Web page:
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To HODL or not to HODL: Bitcoin ETFs poised to redefine crypto investment philosophies

By Jessica Penny
5 minute read

A market expert says that a core approach for many dedicated bitcoin investors may soon be overshadowed by “opportunists” attracted to the asset in an ETF wrapper.

More than 10 years ago in an online crypto forum, a user mistakenly spelt the word “hold” as “hodl” and inadvertently kickstarted the well-known “Hold On for Dear Life” philosophy – the belief that investors should not sell their crypto even when markets dip or appear volatile.

Until recently, investors could only buy bitcoin directly through dedicated crypto exchanges. Given the asset’s historic divisiveness, “HODLing” bitcoin requires not only a strong will to stay the course amid frequent market fluctuations but also confidence that, despite bitcoin’s reputation for being largely unregulated and considerably risky when tapped into directly, it is worth holding onto.

But the introduction of spot bitcoin exchange-traded funds (ETF), which invest directly in the cryptocurrency or access it via a fund, now offer a more accessible, safeguarded, and straightforward means of participating in the space.


Speaking to InvestorDaily, AMP chief economist Shane Oliver suggested that the introduction of these bitcoin ETFs, which have gained traction in the Australian market in recent weeks, might dilute the HODL perspective.

“A lot of the people who were getting into [bitcoin] before were committed to it, in a way, saw it as the currency of the future, of the store of value of the future,” Oliver said.

“Now, you might find people getting in just opportunistically. They think, ‘Well, I don’t really believe in [bitcoin] but now that it’s in an ETF that gives it a degree of institutional support, perhaps maybe I’ll have a go. Of course, if it doesn’t work out, then I’ll be off.’ New buyers may be less committed to it. Previously they were, so it will be interesting to see how it plays out.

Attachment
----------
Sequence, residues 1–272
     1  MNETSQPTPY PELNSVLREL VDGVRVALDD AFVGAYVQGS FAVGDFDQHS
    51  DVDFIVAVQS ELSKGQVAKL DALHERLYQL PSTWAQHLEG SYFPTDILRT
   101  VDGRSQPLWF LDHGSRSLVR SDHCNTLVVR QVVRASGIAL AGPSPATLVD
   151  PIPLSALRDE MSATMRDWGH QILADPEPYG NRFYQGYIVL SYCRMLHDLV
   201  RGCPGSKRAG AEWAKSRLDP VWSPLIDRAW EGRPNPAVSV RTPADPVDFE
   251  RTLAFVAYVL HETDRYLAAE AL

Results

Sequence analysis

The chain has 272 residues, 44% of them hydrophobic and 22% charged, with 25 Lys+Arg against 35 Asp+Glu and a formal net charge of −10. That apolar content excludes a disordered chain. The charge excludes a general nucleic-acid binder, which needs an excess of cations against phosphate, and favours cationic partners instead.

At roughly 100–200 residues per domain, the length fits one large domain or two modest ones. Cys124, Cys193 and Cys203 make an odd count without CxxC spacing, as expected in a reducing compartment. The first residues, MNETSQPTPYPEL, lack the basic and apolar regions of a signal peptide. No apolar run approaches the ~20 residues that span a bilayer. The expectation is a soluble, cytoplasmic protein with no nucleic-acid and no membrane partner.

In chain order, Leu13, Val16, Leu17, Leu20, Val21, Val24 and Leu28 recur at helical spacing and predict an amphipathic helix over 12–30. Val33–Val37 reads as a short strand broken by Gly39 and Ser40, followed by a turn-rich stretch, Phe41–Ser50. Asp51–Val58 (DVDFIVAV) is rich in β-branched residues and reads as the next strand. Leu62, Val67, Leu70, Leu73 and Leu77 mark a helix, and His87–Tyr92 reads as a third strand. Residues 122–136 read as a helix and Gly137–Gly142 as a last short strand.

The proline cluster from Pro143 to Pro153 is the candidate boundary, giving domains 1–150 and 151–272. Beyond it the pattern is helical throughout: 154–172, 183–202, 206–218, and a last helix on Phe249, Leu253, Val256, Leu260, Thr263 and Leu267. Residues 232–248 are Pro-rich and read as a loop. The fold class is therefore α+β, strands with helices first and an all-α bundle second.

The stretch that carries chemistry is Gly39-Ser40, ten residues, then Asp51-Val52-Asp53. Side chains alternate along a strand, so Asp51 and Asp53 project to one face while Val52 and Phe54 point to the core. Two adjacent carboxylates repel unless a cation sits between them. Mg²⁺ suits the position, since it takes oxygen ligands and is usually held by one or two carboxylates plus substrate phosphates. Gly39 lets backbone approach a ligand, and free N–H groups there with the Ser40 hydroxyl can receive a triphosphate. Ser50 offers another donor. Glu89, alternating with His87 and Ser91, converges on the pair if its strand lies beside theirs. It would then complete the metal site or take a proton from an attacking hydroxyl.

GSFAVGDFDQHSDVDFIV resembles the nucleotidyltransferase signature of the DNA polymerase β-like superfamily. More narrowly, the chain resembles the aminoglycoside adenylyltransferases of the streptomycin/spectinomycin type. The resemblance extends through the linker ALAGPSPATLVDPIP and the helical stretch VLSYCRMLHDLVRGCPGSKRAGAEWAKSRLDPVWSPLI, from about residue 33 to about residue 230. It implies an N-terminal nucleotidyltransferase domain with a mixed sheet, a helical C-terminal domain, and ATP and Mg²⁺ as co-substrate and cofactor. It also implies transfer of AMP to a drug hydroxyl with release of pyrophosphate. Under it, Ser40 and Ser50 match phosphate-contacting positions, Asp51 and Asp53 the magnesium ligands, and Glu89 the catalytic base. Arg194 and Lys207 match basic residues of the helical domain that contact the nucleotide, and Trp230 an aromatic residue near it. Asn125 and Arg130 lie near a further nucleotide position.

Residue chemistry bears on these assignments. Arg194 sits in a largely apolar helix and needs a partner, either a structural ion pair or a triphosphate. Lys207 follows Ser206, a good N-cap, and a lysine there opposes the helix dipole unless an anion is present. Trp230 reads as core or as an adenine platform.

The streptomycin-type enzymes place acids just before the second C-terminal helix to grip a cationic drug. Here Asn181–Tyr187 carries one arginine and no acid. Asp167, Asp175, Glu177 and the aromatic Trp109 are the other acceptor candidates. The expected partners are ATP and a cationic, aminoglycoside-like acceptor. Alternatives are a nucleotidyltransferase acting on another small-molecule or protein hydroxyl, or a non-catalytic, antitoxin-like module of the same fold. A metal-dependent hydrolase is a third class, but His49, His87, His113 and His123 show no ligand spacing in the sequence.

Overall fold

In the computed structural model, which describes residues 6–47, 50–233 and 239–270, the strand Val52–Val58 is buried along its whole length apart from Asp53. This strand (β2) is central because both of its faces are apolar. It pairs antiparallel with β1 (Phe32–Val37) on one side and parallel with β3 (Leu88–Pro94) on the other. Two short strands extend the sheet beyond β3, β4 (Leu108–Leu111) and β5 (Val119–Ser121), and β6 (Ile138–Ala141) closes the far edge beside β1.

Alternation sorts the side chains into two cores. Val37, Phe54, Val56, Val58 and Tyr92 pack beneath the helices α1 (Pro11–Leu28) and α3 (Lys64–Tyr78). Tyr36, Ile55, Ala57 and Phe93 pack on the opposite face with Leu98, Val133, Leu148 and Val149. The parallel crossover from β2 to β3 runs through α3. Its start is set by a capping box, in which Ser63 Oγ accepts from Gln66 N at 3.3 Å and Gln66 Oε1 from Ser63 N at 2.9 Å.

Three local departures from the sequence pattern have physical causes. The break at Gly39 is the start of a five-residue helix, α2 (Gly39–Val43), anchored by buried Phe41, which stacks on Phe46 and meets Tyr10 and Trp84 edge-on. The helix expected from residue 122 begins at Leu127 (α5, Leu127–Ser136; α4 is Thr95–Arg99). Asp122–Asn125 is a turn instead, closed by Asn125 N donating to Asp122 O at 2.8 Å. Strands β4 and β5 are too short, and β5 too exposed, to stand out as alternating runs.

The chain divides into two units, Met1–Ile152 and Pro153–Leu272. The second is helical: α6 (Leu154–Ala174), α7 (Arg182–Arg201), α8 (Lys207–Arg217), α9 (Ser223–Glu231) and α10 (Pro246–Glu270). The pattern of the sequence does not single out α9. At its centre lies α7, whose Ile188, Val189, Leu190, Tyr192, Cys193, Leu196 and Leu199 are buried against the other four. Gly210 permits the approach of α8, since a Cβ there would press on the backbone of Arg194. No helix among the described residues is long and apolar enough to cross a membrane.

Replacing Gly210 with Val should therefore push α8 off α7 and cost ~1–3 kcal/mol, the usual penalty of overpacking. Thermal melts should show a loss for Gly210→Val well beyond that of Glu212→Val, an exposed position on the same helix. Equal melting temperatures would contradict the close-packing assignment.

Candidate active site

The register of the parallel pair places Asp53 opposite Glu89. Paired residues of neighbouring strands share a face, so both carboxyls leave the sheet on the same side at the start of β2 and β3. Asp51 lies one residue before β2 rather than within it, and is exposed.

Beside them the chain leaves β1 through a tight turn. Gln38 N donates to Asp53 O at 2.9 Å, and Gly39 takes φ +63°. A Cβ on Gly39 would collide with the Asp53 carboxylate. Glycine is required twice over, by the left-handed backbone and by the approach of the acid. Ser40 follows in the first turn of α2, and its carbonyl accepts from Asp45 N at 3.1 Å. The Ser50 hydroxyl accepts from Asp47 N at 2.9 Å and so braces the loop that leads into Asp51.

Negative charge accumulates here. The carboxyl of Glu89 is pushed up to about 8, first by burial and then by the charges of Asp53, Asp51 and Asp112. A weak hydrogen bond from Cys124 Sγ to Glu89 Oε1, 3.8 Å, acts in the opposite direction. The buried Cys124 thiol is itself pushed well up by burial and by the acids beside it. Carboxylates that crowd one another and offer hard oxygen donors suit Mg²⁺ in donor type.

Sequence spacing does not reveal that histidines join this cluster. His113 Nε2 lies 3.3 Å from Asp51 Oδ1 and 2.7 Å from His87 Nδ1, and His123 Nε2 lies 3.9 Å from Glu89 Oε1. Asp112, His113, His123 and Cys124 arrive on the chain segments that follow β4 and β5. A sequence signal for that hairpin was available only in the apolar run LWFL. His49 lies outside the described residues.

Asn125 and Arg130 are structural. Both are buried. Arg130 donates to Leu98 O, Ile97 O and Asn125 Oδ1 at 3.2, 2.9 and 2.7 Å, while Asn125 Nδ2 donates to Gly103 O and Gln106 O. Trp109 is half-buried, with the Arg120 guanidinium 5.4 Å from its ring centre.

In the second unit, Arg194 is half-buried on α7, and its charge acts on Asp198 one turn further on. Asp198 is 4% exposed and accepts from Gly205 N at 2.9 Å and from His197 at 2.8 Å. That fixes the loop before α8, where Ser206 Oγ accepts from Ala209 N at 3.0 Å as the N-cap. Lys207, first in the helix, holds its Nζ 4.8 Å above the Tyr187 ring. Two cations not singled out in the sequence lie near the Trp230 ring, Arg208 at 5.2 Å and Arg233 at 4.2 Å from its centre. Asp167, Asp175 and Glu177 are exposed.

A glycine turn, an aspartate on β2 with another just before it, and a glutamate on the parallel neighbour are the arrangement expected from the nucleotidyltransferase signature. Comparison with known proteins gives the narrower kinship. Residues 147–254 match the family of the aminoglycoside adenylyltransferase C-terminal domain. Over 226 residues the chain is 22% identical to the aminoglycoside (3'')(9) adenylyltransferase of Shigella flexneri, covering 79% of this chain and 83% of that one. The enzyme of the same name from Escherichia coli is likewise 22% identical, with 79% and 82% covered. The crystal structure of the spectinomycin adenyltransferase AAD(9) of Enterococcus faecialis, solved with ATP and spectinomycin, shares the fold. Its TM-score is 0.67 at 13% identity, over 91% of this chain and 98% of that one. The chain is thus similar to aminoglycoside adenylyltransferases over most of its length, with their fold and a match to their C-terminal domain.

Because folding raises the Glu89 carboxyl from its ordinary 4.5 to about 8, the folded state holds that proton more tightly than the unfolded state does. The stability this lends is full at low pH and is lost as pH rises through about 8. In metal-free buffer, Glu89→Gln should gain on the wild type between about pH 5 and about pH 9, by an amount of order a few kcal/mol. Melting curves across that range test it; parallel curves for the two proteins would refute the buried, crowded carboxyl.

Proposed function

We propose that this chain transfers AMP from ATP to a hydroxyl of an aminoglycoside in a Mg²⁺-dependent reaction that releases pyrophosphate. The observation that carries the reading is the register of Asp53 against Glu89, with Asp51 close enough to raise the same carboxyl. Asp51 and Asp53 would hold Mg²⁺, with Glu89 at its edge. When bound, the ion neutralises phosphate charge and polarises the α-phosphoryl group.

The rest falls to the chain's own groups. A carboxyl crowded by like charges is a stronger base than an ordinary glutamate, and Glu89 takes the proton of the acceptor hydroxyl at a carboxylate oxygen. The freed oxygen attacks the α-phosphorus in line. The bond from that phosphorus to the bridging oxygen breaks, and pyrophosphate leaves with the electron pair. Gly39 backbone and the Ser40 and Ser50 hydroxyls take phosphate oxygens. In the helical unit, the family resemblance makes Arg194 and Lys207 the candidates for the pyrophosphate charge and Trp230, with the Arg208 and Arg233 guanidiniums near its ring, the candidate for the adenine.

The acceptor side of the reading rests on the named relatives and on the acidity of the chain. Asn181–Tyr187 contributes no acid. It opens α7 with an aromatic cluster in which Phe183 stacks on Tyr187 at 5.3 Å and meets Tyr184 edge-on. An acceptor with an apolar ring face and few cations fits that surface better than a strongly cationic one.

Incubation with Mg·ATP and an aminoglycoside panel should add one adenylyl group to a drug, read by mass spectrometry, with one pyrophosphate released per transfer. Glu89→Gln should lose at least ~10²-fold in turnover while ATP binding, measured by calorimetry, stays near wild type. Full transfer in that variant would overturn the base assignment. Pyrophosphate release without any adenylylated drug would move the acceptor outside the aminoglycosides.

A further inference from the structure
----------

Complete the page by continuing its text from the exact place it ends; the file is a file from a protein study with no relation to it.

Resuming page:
“So yes, there’s a bunch of people who will buy and HODL … but there’s also a huge investor flow in and out over time, as it goes in favour and then goes out of favour again. And we’ve seen that several times over the last decade or so.”

Earlier this week, bitcoin dipped below US$65,000 for the first time in over a month, coinciding with a significant outflow from digital asset investment products which suffered a setback totalling US$600 million, the largest since mid-March.

Outflows were mostly made up of bitcoin, which saw a loss of US$621 million.

In conversation with InvestorDaily, Binance ANZ general manager Ben Rose said that the nascent nature of the asset class means that fund managers are opting to take a long-term view when developing bitcoin ETFs.

“It’s important to take a long-term view, rather than looking at price volatility day to day, weekly, month to month, look at the trend over the last 12 years, which is exactly what the investment providers are doing,” Rose explained.

However, he noted that retail investors might be more sensitive to market shifts. This is especially relevant as – looking at the short term – the Federal Reserves’ decision to maintain rates has sparked speculation that retail investors are flocking to scale back their exposure to fixed-supply assets.

“This is a global asset class, [investors] do have to be high on announcements made by central banks around the world and the policies that they may adopt, which impact their local interest rates, and that in turn, impact investor appetite for different assets,” Rose observed.

Meanwhile, acknowledging that such volatility comes with the territory, Oliver noted that fluctuating inflows and outflows week-on-week might be a natural consequence of increased participation from a wider variety of investors.

“A lot of money will go into ETFs and will probably see big inflows and outflows. So it could have the effect of a broader participation in asset class over time, but it also results in more volatility as it brings in investors who potentially wouldn’t have otherwise bothered with the asset class.”

Oliver cautioned against reading too much into limited data but admitted that the picture bitcoin has painted in recent months is, overall, one of “struggle”.

“Bitcoin has been trending around now for the last three months, it broke out to a high back in March, and it has been struggling since,” he said.

“The theory was that [bitcoin] would break higher, helped along by the halving. But so far, that hasn’t occurred,” Oliver said.

“Given all the talk around it, with the ETFs, some may be disappointed that it hasn’t pushed on harder.”